As Japan suffered the worst earthquake in the country's recorded history, tsunami waves fanned out across the Pacific Ocean at the speed of a jetliner
The type of accident occurring now in Japan derives from a loss of off-site AC power and then a subsequent failure of emergency power on-site. Engineers there are racing to restore AC power to prevent a core meltdown
After the Japan earthquake, seismic stations, deep-ocean buoys and tidal gauges delivered a wealth of data for accurate tsunami forecasts in Hawaii, California and the rest of the Pacific Rim, but public preparedness can be even more important
One of the troubled Fukushima Daiichi reactors contains a blend of uranium and plutonium fuel that may soon find use in the U.S. Does it pose more risks than standard uranium fuel?
Confused by the fast-changing pace of events? Here are the key points to know
For starters, retrofits could make U.S. reactors safer--and maybe even make nuclear power more palatable
Leaks, burst cooling pipes, faulty controls, misplaced fuel rods and engineers' warnings about design flaws have done little to slow down approvals for continued operation of the nation's aging nuclear plants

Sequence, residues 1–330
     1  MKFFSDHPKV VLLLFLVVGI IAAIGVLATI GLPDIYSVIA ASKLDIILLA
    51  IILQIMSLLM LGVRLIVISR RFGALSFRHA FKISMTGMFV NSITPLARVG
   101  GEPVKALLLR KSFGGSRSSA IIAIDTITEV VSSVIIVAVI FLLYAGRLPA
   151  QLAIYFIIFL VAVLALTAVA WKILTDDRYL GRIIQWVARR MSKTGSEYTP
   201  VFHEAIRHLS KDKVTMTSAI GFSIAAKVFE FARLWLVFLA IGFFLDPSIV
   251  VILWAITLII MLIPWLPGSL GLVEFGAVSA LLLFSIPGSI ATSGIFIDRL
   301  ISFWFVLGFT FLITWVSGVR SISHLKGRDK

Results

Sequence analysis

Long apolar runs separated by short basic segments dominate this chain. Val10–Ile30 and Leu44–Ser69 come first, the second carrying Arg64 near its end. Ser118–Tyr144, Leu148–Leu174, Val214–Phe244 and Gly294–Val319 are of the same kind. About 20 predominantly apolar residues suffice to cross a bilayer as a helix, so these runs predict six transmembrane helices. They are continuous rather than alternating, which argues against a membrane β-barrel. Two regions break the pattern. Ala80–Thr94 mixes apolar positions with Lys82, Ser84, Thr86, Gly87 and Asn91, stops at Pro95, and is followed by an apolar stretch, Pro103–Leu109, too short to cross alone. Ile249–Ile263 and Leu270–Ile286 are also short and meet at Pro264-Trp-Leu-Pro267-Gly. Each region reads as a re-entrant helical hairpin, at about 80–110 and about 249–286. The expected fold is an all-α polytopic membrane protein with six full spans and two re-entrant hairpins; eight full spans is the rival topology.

A series of major earthquakes have struck beneath the Pacific Ocean in less than a year and a half. Could the U.S. west coast be next?
Scientific American's David Biello judges Fukushima to have reached Chernobyl proportions. Steve Mirsky reports
Day-to-Day Satellite Photos Reveal the Unfolding Crisis at the Nuclear Power Plant in Japan [Slide Show]
Aerial views of the damage at the Fukushima Daiichi power plant from March 12 to March 17 show signs of the chaotic sequence of events ranging from explosions to fires
As Japan attempts to cool overheating nuclear fuel with seawater, experts worry that the damaged spent-fuel pools pose the greatest threat